- Clare Long
Tuck it in & Girth them up Slow
(From the archives: Clarity Dressage original YouTube Channel : Posted 1/19/2015)
Featuring Clare and "Prima Ballerina"
16hh, bay Warmblood mare
(Wording from video):
Today our subject is "Tuck Everything in," and also "Go Slow Girthing."
The first thing we are going to talk about is Tuck Everything In.
So, not only do we do this because it looks good, but also we do it for safety reasons.
With the Bridle:
There is no reason that buckles should be flapping about, no reason what-so-ever.
Any of these buckles, they should be tucked in.
First of all, it looks really ugly, really messy.
Second of all, they can pop open.
If you are leaving the buckles untucked, to bombproof your horse, (to get them used to flapping buckles) wonderful...otherwise take a moment and tuck the buckles in.
It looks much nicer.
A good trick, if you lose the keepers that you tuck the buckles into, is...you get those little tiny Braidettes, (you can get them at any tack store or feed store) they come in all the different colors, you just wrap them around the piece, and then you tuck the buckle into it.
That way it's invisible, it is super tidy and neat, and you don't have the excuse that you lost the little keeper, because you can utilize the Braidettes as well.
With the halter, tuck the piece into the buckle.
One of the main reasons is that I have seen horses pop those halters off.
If the horse gets rambunctious enough, and bounces around enough, they can pop that buckle out, and then they don't have a halter on.
So take a moment, and tuck the buckle in.
Once you get in the habit of it, it's really easy and it won't be a problem.
Same for the saddle girth billets.
They don't need to be flapping about, tuck them in.
It literally takes a moment, and when you get in the habit of it, you just do it.
Girthing the horse up
In the Western world, it is called Cinching.
This mare is a little "cold backed."
The difference between "girthy" and "Cold Backed" :
A horse that is girthy, they don't like the feeling of the girth
being tightened on their belly, and that makes them grouchy.
A horse that is cold backed, the horse has trouble with the feeling of the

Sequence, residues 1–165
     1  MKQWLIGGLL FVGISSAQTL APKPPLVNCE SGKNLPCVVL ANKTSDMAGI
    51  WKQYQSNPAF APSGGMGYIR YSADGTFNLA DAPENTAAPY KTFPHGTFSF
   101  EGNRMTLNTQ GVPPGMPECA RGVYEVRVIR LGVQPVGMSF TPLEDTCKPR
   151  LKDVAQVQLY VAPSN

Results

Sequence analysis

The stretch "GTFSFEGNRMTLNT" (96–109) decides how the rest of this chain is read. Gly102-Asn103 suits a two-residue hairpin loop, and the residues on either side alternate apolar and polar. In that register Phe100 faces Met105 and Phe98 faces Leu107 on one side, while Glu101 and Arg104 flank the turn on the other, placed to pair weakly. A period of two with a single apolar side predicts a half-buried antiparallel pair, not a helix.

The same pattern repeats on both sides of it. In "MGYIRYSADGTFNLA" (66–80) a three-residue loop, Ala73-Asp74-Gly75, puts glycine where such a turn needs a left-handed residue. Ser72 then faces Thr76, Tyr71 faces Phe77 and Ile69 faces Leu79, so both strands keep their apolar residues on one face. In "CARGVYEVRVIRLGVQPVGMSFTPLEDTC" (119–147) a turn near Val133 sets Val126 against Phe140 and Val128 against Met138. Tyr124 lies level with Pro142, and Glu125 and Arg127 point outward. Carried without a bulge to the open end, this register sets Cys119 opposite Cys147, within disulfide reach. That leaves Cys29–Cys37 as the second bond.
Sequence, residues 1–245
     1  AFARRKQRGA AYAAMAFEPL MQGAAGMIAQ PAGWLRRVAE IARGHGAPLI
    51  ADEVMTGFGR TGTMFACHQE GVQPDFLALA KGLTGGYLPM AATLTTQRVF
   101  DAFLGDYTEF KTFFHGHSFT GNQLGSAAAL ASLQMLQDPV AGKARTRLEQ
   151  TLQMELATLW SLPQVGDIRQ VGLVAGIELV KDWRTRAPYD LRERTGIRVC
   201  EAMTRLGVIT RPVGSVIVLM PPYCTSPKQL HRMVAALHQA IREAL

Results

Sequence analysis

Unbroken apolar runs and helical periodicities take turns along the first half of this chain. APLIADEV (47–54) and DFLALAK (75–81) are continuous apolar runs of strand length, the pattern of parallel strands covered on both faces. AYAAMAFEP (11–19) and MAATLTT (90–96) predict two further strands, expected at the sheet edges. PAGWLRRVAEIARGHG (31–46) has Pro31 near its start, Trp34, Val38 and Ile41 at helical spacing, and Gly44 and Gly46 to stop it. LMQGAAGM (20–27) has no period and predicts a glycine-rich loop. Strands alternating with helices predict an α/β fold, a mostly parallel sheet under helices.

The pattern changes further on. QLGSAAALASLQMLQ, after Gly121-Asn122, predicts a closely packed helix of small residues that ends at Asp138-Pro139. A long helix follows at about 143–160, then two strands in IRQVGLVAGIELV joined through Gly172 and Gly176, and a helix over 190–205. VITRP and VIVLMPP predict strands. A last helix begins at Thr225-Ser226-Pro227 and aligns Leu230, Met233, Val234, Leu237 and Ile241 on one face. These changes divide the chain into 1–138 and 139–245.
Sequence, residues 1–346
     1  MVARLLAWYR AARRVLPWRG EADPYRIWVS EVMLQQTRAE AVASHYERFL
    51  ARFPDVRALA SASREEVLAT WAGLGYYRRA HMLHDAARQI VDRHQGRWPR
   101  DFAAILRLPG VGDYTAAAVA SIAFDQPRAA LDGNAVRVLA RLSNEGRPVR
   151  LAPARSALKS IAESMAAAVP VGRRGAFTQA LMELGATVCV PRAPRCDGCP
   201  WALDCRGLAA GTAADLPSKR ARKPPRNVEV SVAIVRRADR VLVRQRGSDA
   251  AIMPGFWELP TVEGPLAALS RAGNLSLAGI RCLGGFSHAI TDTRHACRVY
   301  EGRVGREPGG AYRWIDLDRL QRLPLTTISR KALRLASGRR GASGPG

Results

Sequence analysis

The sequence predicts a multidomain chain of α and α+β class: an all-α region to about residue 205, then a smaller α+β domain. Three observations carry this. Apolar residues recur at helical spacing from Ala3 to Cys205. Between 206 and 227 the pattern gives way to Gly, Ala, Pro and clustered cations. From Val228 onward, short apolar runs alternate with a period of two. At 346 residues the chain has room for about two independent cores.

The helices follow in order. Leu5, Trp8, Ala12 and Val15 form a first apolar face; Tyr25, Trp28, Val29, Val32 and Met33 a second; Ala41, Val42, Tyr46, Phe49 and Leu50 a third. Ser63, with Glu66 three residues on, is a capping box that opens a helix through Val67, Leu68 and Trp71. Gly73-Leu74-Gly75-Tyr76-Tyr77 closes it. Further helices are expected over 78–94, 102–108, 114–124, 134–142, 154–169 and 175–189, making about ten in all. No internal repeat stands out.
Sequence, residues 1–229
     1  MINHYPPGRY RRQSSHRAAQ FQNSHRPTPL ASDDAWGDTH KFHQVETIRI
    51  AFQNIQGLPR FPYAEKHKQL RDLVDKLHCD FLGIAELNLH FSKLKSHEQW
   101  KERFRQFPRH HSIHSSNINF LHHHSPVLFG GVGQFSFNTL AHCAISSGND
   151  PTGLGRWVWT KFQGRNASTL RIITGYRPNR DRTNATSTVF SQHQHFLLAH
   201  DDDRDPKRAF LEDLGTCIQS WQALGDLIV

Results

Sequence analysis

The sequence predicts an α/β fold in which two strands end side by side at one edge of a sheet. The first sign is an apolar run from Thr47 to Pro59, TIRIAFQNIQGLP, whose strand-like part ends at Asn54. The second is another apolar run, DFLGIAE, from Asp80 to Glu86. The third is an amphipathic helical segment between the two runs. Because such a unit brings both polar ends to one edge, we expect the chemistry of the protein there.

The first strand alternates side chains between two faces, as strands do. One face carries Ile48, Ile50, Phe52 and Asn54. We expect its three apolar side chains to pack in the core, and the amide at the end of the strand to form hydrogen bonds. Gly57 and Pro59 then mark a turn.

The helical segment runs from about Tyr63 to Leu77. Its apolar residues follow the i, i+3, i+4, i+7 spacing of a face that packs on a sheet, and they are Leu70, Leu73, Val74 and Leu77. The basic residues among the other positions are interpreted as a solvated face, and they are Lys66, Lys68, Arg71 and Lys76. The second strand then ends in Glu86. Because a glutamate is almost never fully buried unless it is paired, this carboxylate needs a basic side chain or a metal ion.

girth on their belly and the saddle on their back.
When you first girth a horse up, just make the girth snug enough
that it keeps the saddle basically in place.
Then, after a few moments, go up another hole, so it is snug enough
that if the horse ran off, than the saddle would stay in place.
Same with the Western saddle.
With the western saddle, cinch them up enough that the saddle will stay,
but not so much that it is uncomfortable.
And then, walk the horse to the arena (or around a bit) and then girth them up one more, and before you get on, girth them up one more, etc. (You get the idea.)
Once you are on the horse and you have walked them around a little bit to warm them up, lean down, check the girth, make sure that it is snug enough, because a lot of horses do bloat.
When I get off my horses, the first thing I do is loosen the girth.
One more trick:
If you pull the girth billets straight up, it's uncomfortable to your horse.
It is much more comfortable to the horse if you pull towards you, and then up.
Then it does not feel as intrusive and is much more comfortable to the horse.
It's a very good little trick to make your horse more comfortable: to pull very gradually towards you, don't yank on it! And then just pop the buckle in.
The girth will be nice and snug, the horse will not be grouchity, and it's done.
Then, of course, tuck the billets in.
And that's all.
We are going to work Prima, and we will see you next time.